Sequoia High School Becomes School of Choice for Stanford Educated Teachers.

October 29, 2010

A Century-Old Relationship.

It's well documented that the relationship between Sequoia High School and Stanford University dates back to the late 1800's, when Sequoia was the only high school on the mid-peninsula and it's main charter was to educate the children of Stanford University professors.  Over the years, graduates of Sequoia have found their way to the halls of Stanford, especially in recent years with the advent of the popular International Baccalaureate (IB) program that's offered at Sequoia.  But in the past five years, the road between Palo Alto and Redwood City is seeing traffic in both directions.

Back to School.

One thing we noticed a few years ago when our kids started at Sequoia High School was how young and energetic all of the teachers seemed to be.  It certainly shattered the old impression we had of Sequoia before we decided to send our kids there.    This infusion of young educators is no accident; then-principal Morgan Marchbanks and her staff went out of their way to recruit the best and brightest teachers coming out of the top institutions, which is a trend that has continued under current principal Bonnie Hansen.   One program in particular that has been a fertile ground to recruit new teachers is the The Stanford Teacher Education Program (STEP).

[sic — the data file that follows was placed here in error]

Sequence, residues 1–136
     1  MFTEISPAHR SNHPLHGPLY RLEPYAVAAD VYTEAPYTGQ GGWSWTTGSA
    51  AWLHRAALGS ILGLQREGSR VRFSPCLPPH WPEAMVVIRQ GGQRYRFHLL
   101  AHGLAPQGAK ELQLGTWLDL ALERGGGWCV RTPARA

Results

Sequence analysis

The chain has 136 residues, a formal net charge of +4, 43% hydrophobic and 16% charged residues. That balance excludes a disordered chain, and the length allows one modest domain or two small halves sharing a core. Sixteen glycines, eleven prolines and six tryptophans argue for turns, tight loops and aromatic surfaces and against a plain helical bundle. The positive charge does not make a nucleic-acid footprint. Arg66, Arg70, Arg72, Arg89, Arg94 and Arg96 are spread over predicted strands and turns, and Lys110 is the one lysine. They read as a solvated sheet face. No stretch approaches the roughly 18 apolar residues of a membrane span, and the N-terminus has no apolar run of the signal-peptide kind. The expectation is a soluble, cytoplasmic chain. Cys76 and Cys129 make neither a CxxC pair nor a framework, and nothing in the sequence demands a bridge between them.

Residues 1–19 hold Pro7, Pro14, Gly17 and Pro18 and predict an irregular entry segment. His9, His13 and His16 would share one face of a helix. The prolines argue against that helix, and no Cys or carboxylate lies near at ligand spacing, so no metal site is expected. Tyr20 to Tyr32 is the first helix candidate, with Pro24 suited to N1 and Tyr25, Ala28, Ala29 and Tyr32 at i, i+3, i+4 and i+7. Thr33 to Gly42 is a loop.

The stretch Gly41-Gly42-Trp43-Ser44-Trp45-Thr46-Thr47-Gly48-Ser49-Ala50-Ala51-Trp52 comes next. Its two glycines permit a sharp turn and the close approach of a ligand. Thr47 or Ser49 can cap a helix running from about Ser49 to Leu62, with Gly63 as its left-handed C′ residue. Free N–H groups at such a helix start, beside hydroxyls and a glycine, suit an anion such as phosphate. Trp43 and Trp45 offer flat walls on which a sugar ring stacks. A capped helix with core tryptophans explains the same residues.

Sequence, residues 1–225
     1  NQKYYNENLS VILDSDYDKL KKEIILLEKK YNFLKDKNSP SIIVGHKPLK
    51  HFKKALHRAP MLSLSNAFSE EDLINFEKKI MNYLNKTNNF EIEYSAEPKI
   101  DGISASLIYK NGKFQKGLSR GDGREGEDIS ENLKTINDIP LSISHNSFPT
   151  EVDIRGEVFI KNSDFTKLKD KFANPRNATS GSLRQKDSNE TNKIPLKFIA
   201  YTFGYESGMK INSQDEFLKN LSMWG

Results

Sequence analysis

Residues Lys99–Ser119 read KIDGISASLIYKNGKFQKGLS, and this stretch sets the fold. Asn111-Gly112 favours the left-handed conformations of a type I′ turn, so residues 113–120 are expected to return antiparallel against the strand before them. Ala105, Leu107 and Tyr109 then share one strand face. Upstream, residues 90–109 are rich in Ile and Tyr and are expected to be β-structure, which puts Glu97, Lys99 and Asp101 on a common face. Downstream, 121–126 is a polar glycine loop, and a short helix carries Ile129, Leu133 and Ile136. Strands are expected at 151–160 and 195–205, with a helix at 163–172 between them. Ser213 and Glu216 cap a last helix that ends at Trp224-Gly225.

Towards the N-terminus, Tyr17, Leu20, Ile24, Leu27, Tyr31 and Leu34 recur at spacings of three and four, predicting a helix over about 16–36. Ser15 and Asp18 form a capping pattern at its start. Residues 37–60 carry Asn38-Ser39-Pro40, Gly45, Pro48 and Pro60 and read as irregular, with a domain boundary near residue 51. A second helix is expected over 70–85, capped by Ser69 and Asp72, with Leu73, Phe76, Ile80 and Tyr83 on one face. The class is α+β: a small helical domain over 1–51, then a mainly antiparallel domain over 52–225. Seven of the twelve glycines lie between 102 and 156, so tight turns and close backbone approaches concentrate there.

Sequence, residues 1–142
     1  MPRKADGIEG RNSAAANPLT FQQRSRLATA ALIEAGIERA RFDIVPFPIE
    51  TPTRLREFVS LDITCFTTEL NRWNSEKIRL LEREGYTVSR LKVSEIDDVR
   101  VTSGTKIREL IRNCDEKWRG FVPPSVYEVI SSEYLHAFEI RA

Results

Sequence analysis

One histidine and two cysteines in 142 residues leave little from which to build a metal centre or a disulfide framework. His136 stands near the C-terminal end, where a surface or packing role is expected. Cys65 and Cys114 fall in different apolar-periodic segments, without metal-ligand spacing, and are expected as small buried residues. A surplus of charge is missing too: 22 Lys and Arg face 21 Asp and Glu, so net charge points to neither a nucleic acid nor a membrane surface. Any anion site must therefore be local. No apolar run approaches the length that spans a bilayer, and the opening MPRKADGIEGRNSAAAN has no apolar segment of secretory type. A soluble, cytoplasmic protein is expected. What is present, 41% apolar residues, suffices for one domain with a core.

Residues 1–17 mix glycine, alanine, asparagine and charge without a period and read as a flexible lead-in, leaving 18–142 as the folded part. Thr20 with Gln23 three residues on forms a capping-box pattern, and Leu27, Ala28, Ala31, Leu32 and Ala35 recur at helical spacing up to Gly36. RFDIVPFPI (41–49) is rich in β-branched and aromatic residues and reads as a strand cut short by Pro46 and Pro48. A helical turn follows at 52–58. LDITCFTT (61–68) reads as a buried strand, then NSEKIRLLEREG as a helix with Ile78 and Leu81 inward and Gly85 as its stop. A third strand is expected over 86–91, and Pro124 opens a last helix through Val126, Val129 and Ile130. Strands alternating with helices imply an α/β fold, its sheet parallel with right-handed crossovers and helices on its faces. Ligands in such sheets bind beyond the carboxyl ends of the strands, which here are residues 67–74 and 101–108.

The following article that was published in the Peninsula Press provides an outstanding look at the STEP program, and focuses on a couple of graduates who are now teaching at Sequoia:   Stanford-Trained Teachers Flock to Redwood City's Sequoia High School.

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  1. Pat B on October 29, 2010 at 3:32 am

    But it’s not good enough for San Carlos parents. If they sent their kids to Sequoia and were as involved there as they are at the private schools they pay a fortune for, it would be an even better school. And they’d have more money, so they wouldn’t have to bellyache about how expensive it is to live in SC.

    I know a girl who was in the IB program in Colo. I can’t imagine any private school offering anything better.


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